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Paul Klee: Steven Montez hopes to channel Johnny Manziel in Colorado's big game against No. 7 Washington

By: Paul Klee
September 21, 2017 Updated: September 22, 2017 at 8:05 am
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photo - Colorado quarterback Steven Montez, left, throws a pass over Northern Colorado linebacker Henry Stelzner in the first half of an NCAA college football Saturday, Sept. 16, 2017, in Boulder, Colo. (AP Photo/David Zalubowski)
Colorado quarterback Steven Montez, left, throws a pass over Northern Colorado linebacker Henry Stelzner in the first half of an NCAA college football Saturday, Sept. 16, 2017, in Boulder, Colo. (AP Photo/David Zalubowski) 

BOULDER — When I told Steven Montez that certain teammates had likened him to Johnny Manziel — the college football wiz kid, if not the party lord — Colorado’s starting quarterback was taken aback.

In a good way. A very good way.

It was Jay McIntyre who said it first. According to J-Mac, the wide receiver and coach’s son, Montez “wants to be Johnny Manziel,” which is why Montez tends to break the mold of recent Buffaloes quarterbacks. If Sefo Liufau hit the road with a map and hotel reservations, Montez has a thumb in the air, backpack at his side and inclination to wing it. Montez’s response?

“Jay, he’s too kind to compare me to a legend,” he said. “And that man, Johnny Manziel, is a legend.”

Explains a bit, doesn’t it?

What drives the CU coaches batty is also what gives the underdog Buffs a shot on Saturday night against No. 7 Washington: the quarterback, Montez, is a wild card — for his team, and the opponent. When the Buffs aren’t sure what Montez will do on any given play, how would the Huskies know?

“With Steven, you don’t always have to call a perfect play. That’s one thing that’s nice,” said Brian Lindgren, the quarterbacks coach and co-offensive coordinator. “Sometimes they get you on a call and they know what’s coming. But Steven, he has the ability to make a play in spite of that. That’s a good thing. We want that.”

After a pause, like a teacher who wants to embolden a student’s creativity while ensuring he still colors between the lines, Lindgren added: “You just don’t want him to get too far outside of what we want to do.”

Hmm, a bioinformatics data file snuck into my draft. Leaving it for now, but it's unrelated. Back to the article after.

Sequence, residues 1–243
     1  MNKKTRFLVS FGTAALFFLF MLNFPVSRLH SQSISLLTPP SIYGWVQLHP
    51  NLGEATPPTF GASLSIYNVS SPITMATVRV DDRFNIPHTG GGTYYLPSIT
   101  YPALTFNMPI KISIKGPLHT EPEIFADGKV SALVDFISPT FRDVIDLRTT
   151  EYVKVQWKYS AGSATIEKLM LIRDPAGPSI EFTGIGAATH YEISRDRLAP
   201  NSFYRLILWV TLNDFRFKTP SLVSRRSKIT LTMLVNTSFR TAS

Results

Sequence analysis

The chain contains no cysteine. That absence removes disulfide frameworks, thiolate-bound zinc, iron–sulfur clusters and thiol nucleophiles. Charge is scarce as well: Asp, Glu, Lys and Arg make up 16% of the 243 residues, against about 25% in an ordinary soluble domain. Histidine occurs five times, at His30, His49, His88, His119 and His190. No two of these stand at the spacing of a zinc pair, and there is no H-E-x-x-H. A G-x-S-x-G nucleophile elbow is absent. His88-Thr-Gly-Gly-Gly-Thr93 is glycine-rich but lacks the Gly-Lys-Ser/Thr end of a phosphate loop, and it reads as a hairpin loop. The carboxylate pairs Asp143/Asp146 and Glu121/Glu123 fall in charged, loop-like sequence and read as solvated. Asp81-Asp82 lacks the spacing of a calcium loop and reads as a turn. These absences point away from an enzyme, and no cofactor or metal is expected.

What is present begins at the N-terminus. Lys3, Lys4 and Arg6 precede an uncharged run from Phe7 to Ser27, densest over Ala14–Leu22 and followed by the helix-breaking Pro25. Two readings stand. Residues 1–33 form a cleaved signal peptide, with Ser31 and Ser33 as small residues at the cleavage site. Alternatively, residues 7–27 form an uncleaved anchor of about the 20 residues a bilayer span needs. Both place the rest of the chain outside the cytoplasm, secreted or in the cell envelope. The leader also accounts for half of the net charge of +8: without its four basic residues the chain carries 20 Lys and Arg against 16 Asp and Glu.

Before we go further, it must be said no one is saying Montez, who’s scattered six starts across two-plus seasons at Colorado, is the football equivalent of Manziel, a Heisman Trophy winner. Let’s not be silly. But we all have one, and Johnny Football was Montez’s guy. Growing up in El Paso, Montez said, there was no one bigger than the Texas A&M, as he put it, legend.

“I was a ginormous fan when he was at A&M. Loved watching him. He was just a playmaker,” said Montez, whose leap onto the scene came last year at Oregon, where he became the first Buff to throw for 300 yards (333, to be exact) and run for 100 (135) in the same game. “I mean, I think we both kind of have that playmaking aspect when it doesn’t go how it’s supposed to go. We make things happen outside the pocket.”

Anything else?

“I got a little swag to me. I like to talk trash,” Montez said. “And I know Johnny likes to have fun.”

In their Week 3 win against Northern Colorado, it wasn’t until Montez flipped his swag switch that the Buffs pulled away. As an anxious crowd at Folsom Field implored the quarterback to slide, Montez instead bulldozed shoulders first into the closest available tackler.

“Northern Colorado was getting a little talkative. That was the reason for my no-sliding rule,” said Montez, a certain NFL prospect at 6-foot-5, 225 pounds. “I wanted to make a point that we’re not going to take that. It was fun. I like to talk a little trash to get in their head.”

It should be remembered the Washington Huskies didn’t say much in their 41-10 win against the Buffs last year in the Pac-12 title game. They didn’t need to. UW’s superior athletes and game plan came together in the perfect storm of an old-fashioned beat-down, from the action on the field at Levi’s Stadium to the coaching on the sidelines. It looked like one team was happy to be there, the other happy to beat them there. As one Colorado coach said this week: “Not real proud of that game.”

Despite the stylistic differences between the Liufau era and the Montez era, the Buffs didn’t overhaul their offensive playbook entering this season.

“It’s pretty similar,” Lindgren said. “Each one has his strengths and weaknesses. Sefo started a lot of games. You knew what you were getting. What you told him, he was going to do exactly what the coach wants you to do. Steven, he’s going to improvise a little bit more. Sometimes he’s going to go off and make a play on his own. What we want is to rein him in a little bit.”

They know where to find him. The house where Montez lives is called The Lair, and, yes, it’s capitalized. Same with The Lab and The Batcave, two other off-campus residences inhabited by Buffs football players. Montez explained that applying a name to their various rental homes helps to limit miscommunication. “If you say, ‘The Lair,’ you know where we’ll be,” he said.

Saturday night against Washington, that’s in the spotlight. Not to add more pressure to Montez — or The Lair, the home he shares with a defensive player (Isaiah Oliver), offensive  player (Brett Tonz) and special teams player (Nick Porter) — but Montez must be great for the Buffs to upset the Huskies.

Legendary, even.

Twitter: @bypaulklee

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